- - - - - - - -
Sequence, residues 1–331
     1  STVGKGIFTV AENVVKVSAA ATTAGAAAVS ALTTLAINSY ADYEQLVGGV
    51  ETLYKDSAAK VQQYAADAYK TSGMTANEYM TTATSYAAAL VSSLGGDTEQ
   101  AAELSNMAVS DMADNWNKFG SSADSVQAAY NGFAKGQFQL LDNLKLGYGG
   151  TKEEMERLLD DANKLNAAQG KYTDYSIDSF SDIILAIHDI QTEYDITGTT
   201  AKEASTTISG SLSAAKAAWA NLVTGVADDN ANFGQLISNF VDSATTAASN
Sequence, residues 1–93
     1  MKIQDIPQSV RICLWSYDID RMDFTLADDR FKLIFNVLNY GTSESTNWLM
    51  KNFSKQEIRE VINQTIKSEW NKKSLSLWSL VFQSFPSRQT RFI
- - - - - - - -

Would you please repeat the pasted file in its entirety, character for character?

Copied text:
Sequence, residues 1–331
     1  STVGKGIFTV AENVVKVSAA ATTAGAAAVS ALTTLAINSY ADYEQLVGGV
    51  ETLYKDSAAK VQQYAADAYK TSGMTANEYM TTATSYAAAL VSSLGGDTEQ
   101  AAELSNMAVS DMADNWNKFG SSADSVQAAY NGFAKGQFQL LDNLKLGYGG
   151  TKEEMERLLD DANKLNAAQG KYTDYSIDSF SDIILAIHDI QTEYDITGTT
   201  AKEASTTISG SLSAAKAAWA NLVTGVADDN ANFGQLISNF VDSATTAASN
Sequence, residues 1–93
     1  MKIQDIPQSV RICLWSYDID RMDFTLADDR FKLIFNVLNY GTSESTNWLM
    51  KNFSKQEIRE VINQTIKSEW NKKSLSLWSL VFQSFPSRQT RFI